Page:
You might look at this felled tree trunk from a distance and think it’s nothing more than a rotting log. At least, that’s what your brain likely tells you that it’s supposed to be. The core is hollow and chopped up—clearly the work of insects and the kind of fungus that eats wood, right?
But there’s something particularly unique about this tree trunk, and it’s not that it’s been torn apart by termites and fungi and woodpeckers. This tree’s hollowed-out interior is the work of humans!
Take a closer look, because that’s no ordinary log there. Giving it a closer examination might just surprise you… and make you want one for yourself.
When most people see this fallen tree trunk from afar, they have no idea what makes it so special. Upon taking a closer look, though, it soon becomes clear what sets it apart from the rest of the logs they encounter on a daily basis.
It really does look like this strange trunk has been chewed up by termites and woodpeckers. Or perhaps it was eaten away by a nasty fungus that only affects local vegetation. But there’s a reason why the men in this image are snapping photographs of this log. You see, this is no ordinary tree!
In fact, this is an art piece! In China, the ancient practice of carving impressive sculptures directly into trees is a revered art form that very few have mastered. This stunning and intricate piece was created by artist Zheng Chunhui.
The carving spans nearly 40 feet and it has been recognized by the Guinness Book of World Records as the longest tree carving in the world. That’s pretty massive. You have to figure it took the artist a really long time to make it…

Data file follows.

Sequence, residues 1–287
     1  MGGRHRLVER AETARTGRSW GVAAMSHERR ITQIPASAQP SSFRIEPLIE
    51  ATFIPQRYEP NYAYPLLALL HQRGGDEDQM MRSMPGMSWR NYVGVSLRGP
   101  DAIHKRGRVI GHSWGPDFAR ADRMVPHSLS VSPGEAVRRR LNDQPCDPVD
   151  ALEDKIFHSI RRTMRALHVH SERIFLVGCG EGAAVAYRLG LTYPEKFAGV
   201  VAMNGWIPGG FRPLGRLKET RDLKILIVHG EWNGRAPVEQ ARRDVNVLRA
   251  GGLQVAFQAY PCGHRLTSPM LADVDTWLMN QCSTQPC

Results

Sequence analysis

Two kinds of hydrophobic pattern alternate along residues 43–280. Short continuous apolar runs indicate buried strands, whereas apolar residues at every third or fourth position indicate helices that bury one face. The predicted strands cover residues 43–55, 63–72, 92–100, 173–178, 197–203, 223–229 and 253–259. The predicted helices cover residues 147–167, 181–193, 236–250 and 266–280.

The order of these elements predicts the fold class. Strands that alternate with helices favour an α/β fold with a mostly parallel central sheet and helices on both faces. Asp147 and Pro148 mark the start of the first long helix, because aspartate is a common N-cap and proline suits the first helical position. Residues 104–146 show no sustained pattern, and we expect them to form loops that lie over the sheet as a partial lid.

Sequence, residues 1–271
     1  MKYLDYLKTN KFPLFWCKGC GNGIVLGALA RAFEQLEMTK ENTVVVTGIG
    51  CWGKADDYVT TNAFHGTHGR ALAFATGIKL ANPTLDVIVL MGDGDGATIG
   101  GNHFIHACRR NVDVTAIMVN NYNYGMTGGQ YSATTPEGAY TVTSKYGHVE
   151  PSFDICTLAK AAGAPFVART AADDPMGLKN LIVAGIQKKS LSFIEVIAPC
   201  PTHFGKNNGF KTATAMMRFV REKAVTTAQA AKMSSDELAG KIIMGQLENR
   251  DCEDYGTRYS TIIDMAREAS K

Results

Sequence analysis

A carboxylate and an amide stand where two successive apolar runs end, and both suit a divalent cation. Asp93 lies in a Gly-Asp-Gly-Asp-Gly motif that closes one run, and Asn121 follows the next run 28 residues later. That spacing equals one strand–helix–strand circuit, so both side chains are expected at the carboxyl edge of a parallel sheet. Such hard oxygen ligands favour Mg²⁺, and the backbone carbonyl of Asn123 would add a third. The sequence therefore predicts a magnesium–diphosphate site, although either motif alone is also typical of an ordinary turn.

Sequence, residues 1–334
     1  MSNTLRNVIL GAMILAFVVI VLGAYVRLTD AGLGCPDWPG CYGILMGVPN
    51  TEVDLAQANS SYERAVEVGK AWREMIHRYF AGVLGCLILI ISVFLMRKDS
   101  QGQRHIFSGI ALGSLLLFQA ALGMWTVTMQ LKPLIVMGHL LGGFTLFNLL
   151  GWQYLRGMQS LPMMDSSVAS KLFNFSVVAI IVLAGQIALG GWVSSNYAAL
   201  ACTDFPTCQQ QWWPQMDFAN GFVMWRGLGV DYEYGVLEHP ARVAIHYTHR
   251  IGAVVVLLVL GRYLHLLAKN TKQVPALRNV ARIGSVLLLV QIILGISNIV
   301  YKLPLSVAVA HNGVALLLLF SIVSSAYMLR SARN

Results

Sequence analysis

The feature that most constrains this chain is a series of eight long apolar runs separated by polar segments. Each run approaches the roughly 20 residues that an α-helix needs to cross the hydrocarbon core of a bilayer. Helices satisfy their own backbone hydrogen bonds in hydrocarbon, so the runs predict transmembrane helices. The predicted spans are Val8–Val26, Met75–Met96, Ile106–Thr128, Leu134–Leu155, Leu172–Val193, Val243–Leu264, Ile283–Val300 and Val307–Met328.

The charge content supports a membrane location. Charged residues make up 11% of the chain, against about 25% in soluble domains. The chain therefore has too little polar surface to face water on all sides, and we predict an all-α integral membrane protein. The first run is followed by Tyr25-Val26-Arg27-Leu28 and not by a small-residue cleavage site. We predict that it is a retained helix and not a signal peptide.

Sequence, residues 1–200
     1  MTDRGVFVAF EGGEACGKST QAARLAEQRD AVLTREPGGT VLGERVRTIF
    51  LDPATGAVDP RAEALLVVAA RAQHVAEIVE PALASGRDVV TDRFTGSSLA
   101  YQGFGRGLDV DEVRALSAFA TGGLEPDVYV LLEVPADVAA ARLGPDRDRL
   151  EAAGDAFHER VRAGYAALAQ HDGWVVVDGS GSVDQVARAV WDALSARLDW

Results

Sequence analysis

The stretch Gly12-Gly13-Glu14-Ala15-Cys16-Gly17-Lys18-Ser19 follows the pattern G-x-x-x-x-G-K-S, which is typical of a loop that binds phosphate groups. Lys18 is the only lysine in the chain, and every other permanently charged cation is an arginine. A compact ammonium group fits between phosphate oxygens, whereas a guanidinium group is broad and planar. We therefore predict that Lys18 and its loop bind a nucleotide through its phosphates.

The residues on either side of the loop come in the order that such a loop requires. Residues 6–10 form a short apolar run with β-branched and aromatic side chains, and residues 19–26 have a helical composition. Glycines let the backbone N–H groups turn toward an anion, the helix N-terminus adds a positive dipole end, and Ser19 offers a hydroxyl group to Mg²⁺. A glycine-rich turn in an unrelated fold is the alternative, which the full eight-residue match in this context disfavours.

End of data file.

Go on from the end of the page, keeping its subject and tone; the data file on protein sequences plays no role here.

There are more than 550 individually carved figures present on the piece. Can you even begin to imagine how much time, patience, and dedication that would take? That, however, was what made it so beautiful and intricate.
The tree carving was actually based on a famous Song Dynasty painting called Along The River During The Qingming Festival, which was often dubbed “China’s Mona Lisa.” And, like its inspiration, the tree carving depicted the festivities that often take place during this famous Chinese springtime festival.
Along The River During The Qingming Festival took Zheng over four years to complete. It’s a testimony not just to China’s great traditions, but to the unique art forms practiced for centuries within the country.
If you think that Zheng’s practice of carving sculptures directly into trees was impressive, then wait until you see what Japanese artist Seiji Kawasaki was doing with the wood that he carves. Like Zheng, Seiji has been mastering the art of deception of many years…
Seiji is more than just your average artist. In fact, he’s practically a creative wizard, transforming materials that are totally beyond ordinary into wondrous works of art. He takes pieces of normal wood and turns them into something you’ve really got to see to believe…
Seiji loves to carve almost anything out of wood, though his passion lies in food. He enjoys the awestruck expressions these works of art inspire. Just take a look at those tasty vegetables; they seem so fresh, don’t they? You could probably start slicing into that pepper right now!
Seiji is a gifted artist, and you can tell because of how effortless he makes each one of his creations. However, it’s actually a pretty complex process. Here, he begins with a plain block of wood and transforms it into a small fish. You have to see more of his work and process here…
What a sight to behold. It’s amazing the things that people can do with just a piece of wood! Now, we just need to be careful not to take a bite out of them thinking they’re actual food…
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